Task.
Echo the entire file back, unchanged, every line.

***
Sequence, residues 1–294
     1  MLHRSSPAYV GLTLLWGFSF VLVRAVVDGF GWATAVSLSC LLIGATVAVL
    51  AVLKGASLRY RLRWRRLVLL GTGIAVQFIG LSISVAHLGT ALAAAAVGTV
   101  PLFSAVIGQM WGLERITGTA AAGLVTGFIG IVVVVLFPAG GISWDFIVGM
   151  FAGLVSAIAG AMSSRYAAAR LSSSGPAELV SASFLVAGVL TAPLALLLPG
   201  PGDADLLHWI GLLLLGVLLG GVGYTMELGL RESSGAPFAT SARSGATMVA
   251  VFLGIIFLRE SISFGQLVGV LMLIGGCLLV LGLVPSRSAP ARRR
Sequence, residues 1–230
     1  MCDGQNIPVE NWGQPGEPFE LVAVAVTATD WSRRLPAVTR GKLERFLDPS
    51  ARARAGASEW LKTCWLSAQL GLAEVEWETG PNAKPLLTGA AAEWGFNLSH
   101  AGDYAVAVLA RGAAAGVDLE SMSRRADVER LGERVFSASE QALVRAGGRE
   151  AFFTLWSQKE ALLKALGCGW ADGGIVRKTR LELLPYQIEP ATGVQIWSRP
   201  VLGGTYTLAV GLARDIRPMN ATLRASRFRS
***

Sequence, residues 1–294
     1  MLHRSSPAYV GLTLLWGFSF VLVRAVVDGF GWATAVSLSC LLIGATVAVL
    51  AVLKGASLRY RLRWRRLVLL GTGIAVQFIG LSISVAHLGT ALAAAAVGTV
   101  PLFSAVIGQM WGLERITGTA AAGLVTGFIG IVVVVLFPAG GISWDFIVGM
   151  FAGLVSAIAG AMSSRYAAAR LSSSGPAELV SASFLVAGVL TAPLALLLPG
   201  PGDADLLHWI GLLLLGVLLG GVGYTMELGL RESSGAPFAT SARSGATMVA
   251  VFLGIIFLRE SISFGQLVGV LMLIGGCLLV LGLVPSRSAP ARRR
Sequence, residues 1–230
     1  MCDGQNIPVE NWGQPGEPFE LVAVAVTATD WSRRLPAVTR GKLERFLDPS
    51  ARARAGASEW LKTCWLSAQL GLAEVEWETG PNAKPLLTGA AAEWGFNLSH
   101  AGDYAVAVLA RGAAAGVDLE SMSRRADVER LGERVFSASE QALVRAGGRE
   151  AFFTLWSQKE ALLKALGCGW ADGGIVRKTR LELLPYQIEP ATGVQIWSRP
   201  VLGGTYTLAV GLARDIRPMN ATLRASRFRS